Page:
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THE BLACKFOOT NEWS.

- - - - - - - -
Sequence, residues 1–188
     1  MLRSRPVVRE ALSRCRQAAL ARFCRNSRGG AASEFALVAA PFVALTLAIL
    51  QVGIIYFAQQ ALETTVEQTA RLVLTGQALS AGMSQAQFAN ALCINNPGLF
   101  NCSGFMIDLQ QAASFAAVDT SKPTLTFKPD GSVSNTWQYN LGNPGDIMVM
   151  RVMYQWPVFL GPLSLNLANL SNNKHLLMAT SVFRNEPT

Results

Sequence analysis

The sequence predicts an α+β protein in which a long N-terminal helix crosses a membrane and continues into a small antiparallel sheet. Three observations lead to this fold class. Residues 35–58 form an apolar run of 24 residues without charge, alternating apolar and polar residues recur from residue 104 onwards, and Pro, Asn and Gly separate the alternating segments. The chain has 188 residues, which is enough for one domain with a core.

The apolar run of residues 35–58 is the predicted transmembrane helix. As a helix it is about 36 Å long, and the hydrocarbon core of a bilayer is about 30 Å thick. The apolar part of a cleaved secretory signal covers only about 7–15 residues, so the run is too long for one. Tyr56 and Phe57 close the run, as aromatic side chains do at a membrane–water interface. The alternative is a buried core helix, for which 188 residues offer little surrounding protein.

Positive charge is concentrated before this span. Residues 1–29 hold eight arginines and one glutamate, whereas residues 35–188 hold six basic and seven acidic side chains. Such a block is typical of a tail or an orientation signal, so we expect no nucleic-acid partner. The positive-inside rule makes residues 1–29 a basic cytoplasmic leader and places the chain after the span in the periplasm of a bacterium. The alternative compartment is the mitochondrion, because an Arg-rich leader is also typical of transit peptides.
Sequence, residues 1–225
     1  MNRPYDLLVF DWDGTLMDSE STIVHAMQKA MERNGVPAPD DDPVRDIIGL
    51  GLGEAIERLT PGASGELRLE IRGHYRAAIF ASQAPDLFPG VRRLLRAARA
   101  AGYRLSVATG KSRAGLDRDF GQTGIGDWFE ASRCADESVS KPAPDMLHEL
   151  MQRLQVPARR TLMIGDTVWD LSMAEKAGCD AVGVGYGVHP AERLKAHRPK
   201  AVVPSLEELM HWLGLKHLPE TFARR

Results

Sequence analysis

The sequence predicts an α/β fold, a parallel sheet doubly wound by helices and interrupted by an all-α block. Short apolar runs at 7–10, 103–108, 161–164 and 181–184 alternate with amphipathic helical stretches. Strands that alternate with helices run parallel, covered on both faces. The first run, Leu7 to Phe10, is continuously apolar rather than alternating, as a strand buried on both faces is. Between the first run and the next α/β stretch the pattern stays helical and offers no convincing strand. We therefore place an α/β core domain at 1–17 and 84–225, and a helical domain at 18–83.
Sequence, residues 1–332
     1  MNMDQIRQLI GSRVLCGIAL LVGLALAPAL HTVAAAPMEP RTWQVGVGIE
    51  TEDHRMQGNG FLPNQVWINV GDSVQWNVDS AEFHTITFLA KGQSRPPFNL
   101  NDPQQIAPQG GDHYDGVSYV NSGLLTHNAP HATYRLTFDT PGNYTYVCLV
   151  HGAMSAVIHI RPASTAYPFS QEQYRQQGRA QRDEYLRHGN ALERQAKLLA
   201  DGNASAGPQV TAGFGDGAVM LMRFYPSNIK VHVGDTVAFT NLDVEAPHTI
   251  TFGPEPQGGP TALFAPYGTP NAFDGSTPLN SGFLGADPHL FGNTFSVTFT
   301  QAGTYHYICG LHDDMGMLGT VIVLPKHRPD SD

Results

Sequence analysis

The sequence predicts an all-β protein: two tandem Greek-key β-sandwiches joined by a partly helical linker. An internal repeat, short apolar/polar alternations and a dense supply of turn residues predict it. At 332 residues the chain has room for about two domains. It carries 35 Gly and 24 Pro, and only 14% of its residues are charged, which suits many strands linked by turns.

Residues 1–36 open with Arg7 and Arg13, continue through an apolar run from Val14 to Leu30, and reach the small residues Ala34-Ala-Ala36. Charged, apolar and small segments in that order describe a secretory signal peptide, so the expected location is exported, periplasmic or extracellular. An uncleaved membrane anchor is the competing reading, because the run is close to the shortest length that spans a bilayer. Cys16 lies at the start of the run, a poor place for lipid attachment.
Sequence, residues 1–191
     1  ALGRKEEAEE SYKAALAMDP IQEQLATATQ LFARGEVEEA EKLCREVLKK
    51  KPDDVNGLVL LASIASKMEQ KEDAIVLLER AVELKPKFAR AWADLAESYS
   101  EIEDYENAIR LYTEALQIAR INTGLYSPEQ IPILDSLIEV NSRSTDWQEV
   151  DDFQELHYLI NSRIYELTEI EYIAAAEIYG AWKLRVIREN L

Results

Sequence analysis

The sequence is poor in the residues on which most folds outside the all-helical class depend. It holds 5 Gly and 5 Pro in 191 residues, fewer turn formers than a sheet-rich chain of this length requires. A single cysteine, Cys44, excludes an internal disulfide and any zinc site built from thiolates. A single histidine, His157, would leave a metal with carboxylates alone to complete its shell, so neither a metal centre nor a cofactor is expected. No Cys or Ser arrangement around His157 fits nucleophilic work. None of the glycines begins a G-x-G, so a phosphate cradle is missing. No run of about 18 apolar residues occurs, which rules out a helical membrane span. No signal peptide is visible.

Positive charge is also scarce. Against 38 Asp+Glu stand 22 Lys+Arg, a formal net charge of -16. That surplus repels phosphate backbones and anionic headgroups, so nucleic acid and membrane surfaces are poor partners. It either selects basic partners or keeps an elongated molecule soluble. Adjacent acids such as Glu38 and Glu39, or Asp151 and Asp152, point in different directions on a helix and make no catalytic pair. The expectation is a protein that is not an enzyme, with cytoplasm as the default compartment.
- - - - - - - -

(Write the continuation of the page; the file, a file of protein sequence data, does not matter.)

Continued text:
riser jonc», ruin user BLACKFOOT. IDAHO. The plans of an electric railroad b» tween Rome and Naples are nearly completed. The road will be 133 miles long and the service will Include a number of fast trains. The largest and most cumbersome form of money is found In Central Af rica, where the natlree use a cross Shaped ingot of copper ore over teu Inches long. It is heavy enough to ba * formidable weapon. In the neighborhood of New BufTalo, Mich., gray wolves are raiding sheep pens. One big fellow was run down toy dogs and killed the other morning. It Is thought there are several In the wooded land lying south of New Buf falo. Officials of the navy department are considering a plan for recruiting for the navy from the farms and country towns in the interior of the country. While It Is true that recruiting for the nary Is now carried on outside of the large cities, it has not yet reached the Interior sections centers. remote from large A. J. King, who was recently elected prosecuting attorney of Vernon ty. Mo., may have to conduct a lawsuit against himself. coun I When County Re corder he was sued for 34.000, which it was claimed he owed the county fees collected and not turned in. The case has been in many circuit courts, and has been set for a rehearing on Jan. 23. on "My regard for you," wrote Samuel Johnson to Boswell, "is greater than I have words to express; but I do not choose to be always repeating It." The Mexicans show themselves monstrative. de- I more On December 1st they resumed their affection and trust ln Porfirio Diaz by inaugurating him, for ; the sixth time, president of the Mexi tan republic. ^ It is understood to be the intention of Gen. Heywood, commandant of the I marine corps, to recommend that all I officers who have been on duty in the PhiHppines for two years or over and who so desire be brought to the United States within the na.f r w ! united states within the next few : months, their places to be filled by | others whose service has been mostly | ashore since receiving their commis- , * l0aS ■ 1 The Woman's Christian Temperance union of Indiana has put itself on rec- ord as favoring the creation of federal department to supervise the manufacture and sale of alcoholic bev- erages, with a view to maintaining the purity thereof. The organization be- lieves that if pure liquors only should fce sold the profits of the trade would be to far reduced that the saloonkeep- ers would be forced to quit business. j : The new president of a transconti- ■ Rental railway who, It ls said, draws a ! •alary of fifty-five thousand dollars a ' year, began his education In railroad lug twenty-seven years ago, at a salary cf forty dollars a month. Let young men Just starting in life observe that * be did not stop at forty dollars, and that they need not. For those who hope to repeat or exceed his success. let us suggest a consideration of that part of his history which mentions a ! period of twenty-seven years a new Fire hundred nTr-n sleep, eat keep warm beneath roofs of nothing else but paper at Netley, sav-3 London Answers. There are forty-five of these long, narrow buildings, constructed tirely of paper, which shiues white In the eun. vallded soldiers, technical name of these erections, and notrhing warmer or dryer could eibly be built, built In less than a month. To keep the convalescents warm, each building la provided with a stove, and. In spite of the apparently inflammable nature Of the material the huts are built of, rill danger of fire has been obviated by treating the roofs with a patent fire resisting chemical. an i en Each building holds ten in "Hutments" Is the pos was The whole town General Bfty-elght Cuban enumerators caused tnent and much doubt as to their abil ity to do the work efficiently. The re sult more than justified the general's action. Those of them who worked In the still disturbed rural districts exposed to dangerous risks and much discomfort, but their patience, tact and determination etacles, and their returns, in the words ef the general, were marked by "great clearness, exactness and cleanliness." It was splendid," he observed, Me the enthusiasm of these and note the fine way in which they went about their duties, businesslike as men, uncomplaining of the hard ship» they endured, capable and ra •ourceful." Sanger's appointment of women as census some astonlsh were overcame all ob "to women, An outbreak of typhoid fever has curred ln Lambeth, England, owing to Infected mangles. Forty-one curred In twenty-four houses, all with in a restricted area. There was much Intercommunication between plaoes and families living ln different houses. Many of the inhabitants after washing their clothes in their own homes took them to some neighbor to be mangled. Owing to this custom, bedding and clothing of those 111 with typhoid fever were mangled in the same machine, thus spreading the disease. Four dlf feront Infected mangles were traced. oe caseg oc X • • Q BOriC UNQI7ENCHABLB. I And yet. when all Is thougnt and said. The heart still overrules the head; 6tUl what we hope, we must believe. And what Is given we receive. Must still believe, for still we hope That, In the world of larger scopes V\ hat here iy faithfully begun W ill be completed, not undone. still must think, when we That ampler life together see. Some true result will yet appear Of what we are. together here. —Arthur Hugh Clough. My child. Bachelor Brown's Dilemma. - BY" WILL. S. GIDLEY. (Copyright. l<*oo, by Dally story Pub. Co.) Bartholomew Brown, or Bachelor Brown as the neighbors called him, ! That was one of the family was in a quandary. His Aunt Abbie. who for twenty years had kept house for him. had left In a fit of anger a week before, declaring that she would never come back, and Brown knew only too well that she would keep her word. ■characteristics of the Browns—they always kept their word. Aunt Abbie was a Brown. At the moment upon which our story i opens Bachelor Brawn was ruefully contemplating a loaf of bread which I even Mr. Brown was willing to admit was not an improvement on that which Aunt Abbie used to make, wondering whether It was beet to get It patented as a new style of He was pavtng block or to chop it up with a hatchet and attempt to eat it. the bread himself. Looks as If 1 missed it somehow that baking. I s'pose I could eat It If I tried hard, but a fellow might as well starve to death as die ot indigestion. Guess I'll have to fall back on baker's bread for the present. About as soon eat a basswood chip. He had made on "Mighty sorry Aunt Abbie got her back up and lit out—or no, 1 ain't either. I'm glad of it! She has bossed ® e around about long enough. I've been my own master for a few days, and I rather like it—that is. I would B ** wasn't for the trouble of cooking Wish 1 had a Chinaman to do that ^ or me — and speaking of a Chinaman reminds me that Aunt Abbie went off ! without ironing my shirts. That's sa- #K ... ? th ®f de ''8 htful I've got on my " and3 ' Gue8s 1 11 go ahead and do the h r ° n h ing "° W ' and then P erha P a « *1" be hungt > en ° ugh "t this bread." . Mr ' Blwn Procured a couple of flat- , ir °ns from the closet and placed them the gtove Flf late r he tQok one Qf them , n m j ( haQd held lt , n front of i refully poised ln lhe air with the ^ ttom ült i «1 upward. Then moistening his right ! fore-finger he gently touched the hot 1 Iron with it just as Aunt Abbie used to do; but instead of instantly with- : drawing the finger he clumsily pressed it against the sizzling metal until It scorched his flesh. With a howl ot agony he dronned the flat-iron—an eight-pounder at that_on his foot This was the first time in years that Bartholomew Brown had done any swearing, but he went at it like an old hand. A tln-pedd'er is not easily frightened as a rule, but one happened along while Brown was In the midst of his eruption, climbed down from his cart and approached the kitchen door. He got about half way up the walk—and then he stopped and ]],. tened. Just a moment; and then h e turned pale, and whirling on his heels went flying back down the walk. At every farm-house he visited dur the remainder of the day the ped dler told a thrilling tale of his narrow e8ca Pe fr °m an encounter with "a raging maniac in a big. white house, a ways back." Meantime Bachelor Brown, all un conscious that bis fame was being her aided abroad in the land, had cooled down somewhat, bad tied his burnt finger up ln a greased rag, and was making another heroic attempt at ironing. There came a ring at the doorbell. "Great Peters!" he groaned. "Wonder who that can be at the door? Bet Its a book-agent, and like as not she has heard me tearing around here and swearing. Well, If she has I hope it <6 m ■/ v n Ti IrH V Ä ft ¥ "Looks as If I missed lt somehow on that baking." will scare ber away, mind about pulling that bell out by the roots, madame; I'll be there about • • • Needn't as aoon as you want to see me." And growling like a bear Brown went tramping heavily through the hallway to the front door, which be violently flung open. "Q'way! " he shouted, waving his hand at the rather young and pleasant faced lady before him, exactly as If he were trying to shoo a hen off the •toop. "G'way! Don't want any of yonr books! Wou'dn't read 'em If you'd give 'em to me!" But Instead of doing as req lestsd, the lady calmly held her ground. "Why, good afteinoo - 'Ir. Brown," •ba arild in a muBlca', w^il-modulated Voice. "You seem Don't you tci>. Î know me? I am the Widow Perkin*. from The Cornera, and I am helping raise the money tor a new carpet tor the vestry ot our church. What shall I put you down for, and can I aunt, or will you subscribe for both?" "Why— er —excuse see your me, Mrs. Per kins," stammered Bachelor Brown. In "I—you can put me dowu for six yards, and—and I hope won't say anything about the way l treated you when you called. You see, I took you for a book-agent, and I'm sort of upset anyhow just don t suppose you've heard about It yet, but Aunt Abbie has got her dan der up and cleared out for good, and I've had to do my own housewoiR this week. confusion. you now. I î Sweet time I've had of It. too. An ostrich couldn't eat the bread I baked; and I've Just about crippled myself trying to Iron a shirt, not to m «ntlon breaking out a couple of wln ! dowa and nearly killing the cat. Er— didn't hear me before you rung th# bell, did you?" "I heard someone talking and I sup posed you had been buying a parrot. Some of them use shocking languags, you know. And so It was you all the time, was It? Poor man! Really, Mr. Brown. I feel sorry for you. and if you will permit me to do so I will be glad to come ln and straighten up the i housework." I y °u away from your work. Mrs. Per- I I "Not at all, I am at liberty the rest of the afternoon, and It will be a real "But I am afraid It is going to tak* : kina." *] j j : ! I ; j j - •J \ hit III ! if 1:1 it» î , „ ^ housekeeper. Perhaps you might find P !eaa uro to me to do what I can to assist you. That is what we are placed in the world for-to help each other." i 'js H?" said Brown, innocently, a* ! h ® . tb ®, w i y '° the kltc h«- "O"«» 1 Aun l Abble h" 11 "' 1 heard about that ° r ® be wouldn t have flopped off the hook and deserted me the way she did." r "G'way ! Don't want any of your books! " : , lr ^ , D *f r - dear what a time you must 1 , aVe bad ot U ' exc'aimed Mrs. Per kins; as she surveyed the wreck Brown bad made, "and all over the Ironing 1 °* a Bhlrt! Now if you wil1 brtn 8 ln tbe othcr lron aud put 11 O" the stolre I tben slt down aQd watch me I'll show y ° u how easy " ls tü d ° * b " When i tbe shirt haJ h* 1 . 611 dll, y froned and the charmin « wid ° w turned to him with a gracefuI aQ cl said: "There, sir; I now db you thlnk you wil1 k " ow bow I t0 go at U the n,:Xt llme ? ou haT ® a Job of tbu kindr ' He admiringly ex cIaimed: I *' Say ' you beat A » n t Abide clear out I of Sli , gbt lr °ning shiru. I never saw al >yt b iog done up quite as slick as j that l and b ? 8»'". It was Just as good : as a Panorama to sit here aud watch ! Jou! Never worked in a laundry, did , you? '' ! " N '°- b ut I pride myself on being a ! Arat-clas* housekeeper, and ironing ' g hlrts to my mind ls -one of the es j aentla ls ot good housekeeping." "Well, It you understand housekeep j ing a " through as well as you do ironing shirts you certainly must be a wonder. Aunt Abbie couldn't hold a candle to you. Maybe you can tell me what alls this bread 1 made yes | terday," and Brown produced the loaf : and thumped on it to show Its lnde ! structible firmness. I "No." laughed the widow, "I haven't got time to analyze that bread, but ! will make a nice batch of cream biscuits fur you—the kind Mr. Fcrklns always liked—and 1 gu<ss I'd better bake a - couple of pics, too, while I am about It. Don't you think so, Mr. Brown?" "Yes, If you wish, but I don't know how I am ever going to pay you for your kindness, Mrs. Perkins. And to think tbat I came near driving you ! away tor a book-agent, what ls it the Bible say* about enter taining angels unawares?" "Pshaw, now, what Let me see; nonsense you Instead of dreaming about gel* you'd better talk. an he hunting up a one over at The Corner. You'd better drive over there and see about It while I am busy with the baking." Brown stepped over closer to the widow, who was rolling up ber sleeves ln readiness for the flour-tnb, and looked at her steadily until finally ah* became aware of his gaze and lifted her eye*. "Well," she said, smilingly, "aren't you going on to hunt up a housekeep er?" "No, I think not," wa* the quiet re ply; "Pve got one already that suits me pretty well, and a wife ln the bar gain—that ls, of course. If you are will ing." Half an hour later, when tbe matter had been arranged to the entire satis faction of the two persons chiefly con cerned, the radiant and blushing bride- i to-be suddenly bethought herself of her baking! "See here, Bartholomew, how do yon suppose I am going to make any pies or biscuits if you go on this way all the rest of the afternoon? You'll be hungry for something more substan tial than kisses when »upper time comes." *«M rp-to-n».. Hinu a !»«*•»• Cnittva Hon ot in« soil »mi vi«io* Thereof ii urtieoitur«, . ui«auur« mud rut/ictii FARM AND GARDEN. MATTERS OP INTEREST TO AGRICULTURISTS. Hut, Alfalfa. Prof. Hansen, writing iu the Depart ment of Agriculture Year Book, says: Turk.>l.i The unusually severe'winter of 1898 1898 killed off probably hall of the al falfa of western Kansas, Nebraska, Colorado and Wyoming, aud fields In the central prairie states to the eastward were badly damaged, but the Turkeaton alfalfa grown In the states mentioned was not affected. At th# Wyoming Experiment station a plat of Turkestan alfalfa was exposed for two weeks without Injury to a tem perature of—35 degrees, the lowest point reached being —45 deg.ee*. In (California It was subjected without damage to a drouth which seriously in jured ordinary alfalfa. In view of the notable success of this plant In with standing drouth and cold. It has been î decided to purchase a large amount of seed grown In America from our lm I ported stock and distribute It widely I over the arid west until It has b«eo thoroughly teeted under all the differ #nt climatic and soil conditions exist ing In that region. From the results already secured, it Is believed tbat this one Introduction will add in. liions of dollars to the anuual hay product of th* United States : At the Experiment station at Brook Ings, 8. D.. with a minimum tempera ture last winter of 40 d«<r es below sero with the ground bure common al j falfa wa* killed, white till* Jfa'.fa from the heart of Asia came through un harmed. On* of the main Instructions Of Secretary Wilson In sending the j writer on this trip In '97- 98. of nearly : ten month*, wa* to secure. If poeslble ! * hardy, drouth-reals* as leguminous I forage plant, from the elevated tsble ; land* of Asia. Upon reach-ng Russia j the government agricultural author ities at Moscow and 3t. Petersburg told *ne of this plant. It Is d stinct from common alfalfa, which has c -me to u largely from Spain. Botanical!?, the difference I* expre-sed by Itu -l .a au j thorltlea ln naming Turkestan a'filfa Medtcago Satlva Turk-st.nl-a while common alfalfa is called Medlcago 8a - tlva. I learned, cap.-i tally from Prince Maaealskl. of the Dep - rttn nt of Ag riculture at St. Petersburg, that It had been found In pa.aLel experiment* eaat of the Caspian sea In the M-rv ■ as«-* ln Russian Turkestan that the u ttlv* alfalfa waa vastly superior to the com mon alfalfa, especially where there «a* a lack of water, as It w.,* able to give satisfactory crop* with supply of water so .mail that th Eu ropean (common) alfalfa pel-hed from drouth. , Along the Volga river at the dry re Euron e ea Per R n * D | t 8lat ' ,na i, ""l"' ' * ' * p ant y * we • snd I K ot to the de * art ,* n,J »«m 1-desen regio,,, „f Tu r Bokbara - aai1 s*'ml r * tctlnlak Province of Russian Turks ,ta "' al! * aat of the Caa P ,an B« a - > mad ® careful gtudy of tbe P lant - Here W , er ®, caai ® ls by lUe thou*and*. and «loud* of dust often so thick tbat a wet t , ound ••*•■««« for rela-j ^° ra m o.eatbinK. I wa* *o Pleased with what w«i» *een of thi* 1 dld not at, -'P unt, i fully "■ Udd P»" nd * ™ the seed was secured, ® e y rrom lb ® cotton-growing *«c "ons among the harts, or native Mo ! b ® t ?. mPd 'î|* 8 ' T , m , aln rca " <j n for " aKlng tüe overland Journey of over i , . ®* # ei * * , ' 30b by w ' ,gon - h? from Tashkent, the capital of Russian Turkestan, to Omsk, In 81 "«via, via Kuldja, In westiern China, wa * f race tb * f piant to It* northern wbich wa * found to be near Ko P al . In Hlberla (latitude 45 de S reea 10 minute*, longitude, 79 degree* ea<f Greenwich.) Kuldja, In 8ur K ar ' a . western China, u iu latitude 43 degrees 50 minutes, longitude, 81 fl« I gree# 20 minutes east, aud a minimum th farthest point reached In my Journey isbout half way around the globe). ®« ed wa * secured from eight different »ources, but, of course, only small lots - c °uld be obtained from the plac » v|* ,ted ln tbe overland Journey. The in terestlng. and to me the most surpris f a «L !• lhat the alfalfa which Proved so hardy at Brookings was f ron ) Ih« cotton section of Turkeslan ! *° tbat t ba plant stands cold as well as drouth. This Indicate* that In this plant we have an alfalfa that will be hardy to our northern border* and probably north Into Canada It is gratifying to the writer that the rough journey in Aala, ln which the shadow of the death angel's wlngB fell upon hlm more than once or twice, has ap parently resulted in giving the north west, a* well aa the southwest, the hardy forage plant deelred by Secre Ury WI Icon. It will be well to note that I have no ■eed of Turkestan alfalfa to sell or «ira away. All the aaed waa dliw" uted from Washington, and the United States Department of Agriculture takes care of all applications. To those who lost their alfalfa fields last winter It will be good news that there le in lst«nce an alfalfa hardier than the now cultivated ln America, which brought over by the Spaniards, original home of the alfalfa flpaln, In southern Europe and Asia appear* to have been -moist er than that of this new intro duction. The word alfalfa I* Spanish and la derived from th* Arabic. ** one wa* The from i warmer and Modlf/lo* Plant*. The work of modifying some of native plant* and graaaea la one that may well engage the attention of •dentists. our our Around us are large num bers of varieties of plants that may be made serviceable. We have before ferred to the Nopal or giant cactus that ' needs only be rendered spinel*** to be- I come an article of torag* of grant value. A scientist that ha* bean at | work In the line of collecting grass«* 1 that may prove useful says that a nom- ! moi)t excellent grasses are at present precluded from becoming gen orally introduced Into cultivation or ot 1 commercial Importance by reason of j the great difficulties surrounding the thrashing, cleaning, and general man lpulatloo of the seed. Among these we may mention particularly the forma provided with long, rough, aud trouble sum«* twna, a» ttu* feather graaaea , needle graaees, aud beard grass«#, and | i some of the wild rye*. Other* sre very t . ... ...... grasses may be so mod I Bed that the i objectionable part* may be eliminated. ' We believe that experiment. In this | ^oublesome onVccount of the cottonjr | j I I ! ; i ! down with which the seed I* surround ed. There Is little doubt, however, that by the proper cultivation and •* lectlon of varieties some of these I direction would proie very Interesting and profitable, aud that they should ha undei taken st as early a dale as pos sible. . ... .... . „ t.«»r-ros.loti F>»at 9« «iff. We Illustrate here two of the leaf footed plant bugs. They feed on a wtd# j range of food plants. Aside from tbelr ! j j j | i : î i : ; j ; j -l*r< î -■**• omntvorousuM* th«*« creature* agree rather cb-eety with the squash hugs, their time of appearnnre being later than that of the other* The nymphs have the same habit of collecting dur- ing the heat of the day under, or on. the edge* of leaves of thetr food plant. ) ,hnt bavr curled and dried, Th*-y attack «1! of the runirhlt* Doth of the»« plant-bug. .-an be controlled , by hand-picking or by capturing them In Inverted umbrella*, ba*. or ilwc laJ ly prepared net* saturated with kero sene, the b«*t tin:.. (,, r ih«| r captura* being In the early morning ur late In tbe ev.-ning j i A# It I* no» time to erne young boar*, for th« i>enetli of young breeders l j give my method of j I h« young lionr should lie put In a lot by hlncs.-tf entirely **«y f r „ ni other j hogs, as he will fret too much eat enough If allowed to run otner hog* Home time* It I* good to put a pig or two with him for pnny and for an appetizer Often • young boar that t* a little tasty about f eating will eat better if there la a pig | or two with him; h<- will e fl t hi* feed to keep the pig* from g.'ttln* It—ho* like. Then the v...mg Imnr -hould tw frequently handled he should be % wry .... f r*' -" ... !.w\ti ir tl «I td( wtlt managing them. and not near com if he I* not tame confined in a »mall l" T lln 1 * 8t BWay < and rubbed and leThtm ma fn^hu'lot-Tmi hc lhmâd Iw taught to drive .n 1 . c " master lie ahni.M n. , n ' ,w ', hl * hl» lot' to .he 1 ' • . dr,VPn . , rrom „„ ,1,, '" K 0< Rnd handled in, " ' 1,1 , r| vcn anywhere and all train, . " ' V " lnT '' our 1 where h° V' ' lrlVB ,hprn Hny ' and th«« 1 " . Pm RB we P 1 " 8 **: when ** hn ' 8 ° ' P brol<, ' n to Hnnrll« wnm y . 0,l . nK ,!e f 'Houlrl have a good an 1 h . ,° nrl plenty of P |ir, > »»lcr and n V * / r8P ,0 wood a*bes ; rarUtv , f«« 4 * «hould consist of a ! t )p «h y .° r r ° ,K '' 1 he b,,gt fM,d would i erl with '* nd ,Mm ' n ' lk ' •"PP 1 «»«"! fln.lv P uni Pkln* and sugar treets or Now r r r ' VPr bay wlth a Bill* corn, M ,° r ,rwBn * : Every breeder w u h . r V8 ,, a br '' p ' lin * lot or house, hrea.n« rB ® dln * «rate. A very cheap u ... f 8 , CI [ ate can b ® made by making a» d two feet wide and acr,,« th* h > * h; nal1 a ,ew cr0M ,ut * f««.T t fr ° nt ® nd of th ® ^^Db #n V" V * lhe without pen crat*. two balance of tha , ., a top. Then maka a Wdge three feet long and two fee» bridge* 1 »? iS!* lnt ' h8 '' hlKh: but **»!■ Bridge at the rear of the crat# After the *ow Is put In the crate put a rod of Xrr T cra 'e beh.nd iM * ' to keep her from let the sow > backing out Then young boar serve the *ow and thé n »1w U r rn h | lm 10 bl * ° WD l0t and lo t ho* *e ui T " ' hfi br88dln « ,ot 0» roungboarahould be a.iowad to aeTÎÎ serve once, and be should r«r- fl T ? t^e way b? tin*«? .? the tlm "' ,n P'E*.—Old Breed«* ° n *' h9aUhy worm is lixbl. to not The sllk dlseaae*. over 100 that ' be- I grant SCIENTISTS TO TAKE at | 1 nom- ! at * Cou '*r«'-i* i gen ot of the man- (Berlin Letter ) we h j* on ] y recently u, ut forma earthquakes har. been earned Bnt jfl e aUy. R 1 « though , tUat valuable results and | very TREMORS OF EARTH. obseev*. TIONS THEREOF. Kulldlttn » u - a«uu>i, do.! Hm. i Will Muts Ih Our flau«,.. ld.t.4 .1 the study of on set. ho *«wr, tan only I), talned If such observations rled on systematically »n world, in Germany sorti have especially been mad« last ten years by the Geographic] t> stitute of the University u( 8 lriuuat _ under the leadership of iv.oIZ"*' the , h fc , .... , p 01 ^robasor . ' . ' l, * u KrtJ * r *rtsr. this ,J "' the ttsi,.,* »ace-Lorraiue appropriated ih* of £00.000 marks for the of a special building and the outfit for carrying kfl? i*4f. ÜVer t|§ observai during tg. •* these o * 41 ha pos »»•sat * oust mette* OU such observe, lions. This building as „horn |„ ^ accompanying cut. w a > r, leaf- p , * 4 ' l ' ! **» | e «ecboiou me**» wtd# j wrT ' ! u * ln building tbu house Is tbelr ! * Ul " * * ay ** 10 protect the Instm nirnu to be used against liable to result from the • ally cam any nfurace tr iffic of th* surrounding streets. The -am« greet attention was paid to attaining a Bab i temperature, itllluea» tod n«a* of the air within the : room* of the building The building has s length of forty, five f««t a:ot a width of thirty («.<„ «j î is divided into four ob varknt **r»atio# room*. tbo bottom'of which |i,, t n„. below the level of the nirwrL Th* ate nervation building propel surrounded by a second be i* rtuirtiy ling three t apart from the wall* of th* far mer. and at no point mi It. Hoof and walls of th. of content ft an t«i wm outer traiM- and twu*. sre provide! -uUdlag, m mg k hltnocyli hugs, un *"* r '" later , " Jt 1 ru! •I" dur- on. *1 ib .f of th uf fro*h vt.-rvlM« mo*r i*4 h.t r--tf of th* -■ r- ter Imi * »P*™ t» Ihlrk Ujr* f or ofl wills roof! buiJ'Httir î tt IU kifir4 Id the world, CNr with a thr«*-foot* •I and th*û t o$? 9*4 **r, It li th« «mly ->ul j '■ Vu, Mfy * XV M -, Wil - \ m ïri» rtZiLj ) V v Doth them laJ In lot to • pig feed tw EARTHQUAKE OIWKRVaTOHT at 8 r It A 811! HO cut ropr** within thi the observatory lb t* only the miter »tructUf», wait* of arhuh 1* intl>j»«d Ot4 k.«.y«|wr. An lti* irmounUb!i making of old ne**i quality of paper wa * printer - * ink, with SU resin and its heavy Iln*«ed oil. could not be git rtd An» It vi« mM i to t&A Into a t -< - fact that • f by any known proc** m»de of old Otwspapera poor In spprarafir«-. pool In quality and a! way* betrayed tl* o. Igln, o'd newspapet* became In * c-rtal* • n*< more waste until ob u »I* year* • go. when a young man named Re Ewen. from O' er In N- » J< r • red out lhe fact that tbe re*ln and th*. oil In old newspaper*, wh-n the wbol* fiber togrthaf" but It *4 wtlt So not near y. ciph-' com ma** of Ink and paper was subject»! to a vry high bmp« ature, would b« jatwi the tiling for *!<■ Mr. MeEwril tnjt for box-board paper, bad no capital, and he h * in inl»rc*ting people wh> had, bul ■* m-reeded at last, and now h* I* • (ruai rllSicaUy tame and hl * rrom and 1 Hny ' *' lh ar,ty 'iene ga*. **: liberated In an elastir recep a. ■ • ta< b to your person a liny tecep* good ■ oiitalning in two separate < '"îber* alpiitm acetylld and water, ; union of these two immediately 3* n *" a ! rates acetylene gas, which I» held W i lin elastic pocket attarhed to the »«•* receptacle. This diluted pocket wUI or make Its way to tb# top of ths »•* ter ln spite of any number of ob atacle*. and * He himself chip* millionaire, hi* mills B.fHK) ton* of bux-board P*' •wr—■ "new* board," a* It 1» c»H*d fr<>® :t* newspaper origin—to England aloa* of every year.—N. w York pen In the course Bun. Ar.lite,,. »41 m 14ft* ff ti wW ' is Dll** which and den*? ** The n.-wt-*t lif«-pre*ctv«r TM M in*? This Hill« gas generator uaed to protect boat*, rafts and buoy*, n* well aa human bodies, crator may be aet In operation by Hectrlc wire In case of accident. the raising aud floating of ve*»ri* within th* Tbs «•*' two tha a fee» **»!■ of ' ready sunk la aald to be power* of acetylene used In large qua»' titles western H*" Harte*» Mmnty-Uirmi MUM oa a Everyone familiar with erature remember* Bret White Cat," the famous animal *»«* •Tl* Kloeirlcal R* sow and lo t 0» amended on a blast and Another cat, aaya the view, has performed a feat "f *bP** what similar nature, but with dll»*J eut consequences, as one afternoon^ jumped Into a flywheel of a r « fr *^ atlng company'* engine, and. a* hu gtneer could not ahut off lb« *• and atop the power of the P' ant animal waa compelled to etay ^ It waa for two hour» and a half. , »topping the engine the cat wa* ,ott alive, having traveled about *« v#n ' 1 three mile*. ,n not the wb«r* 100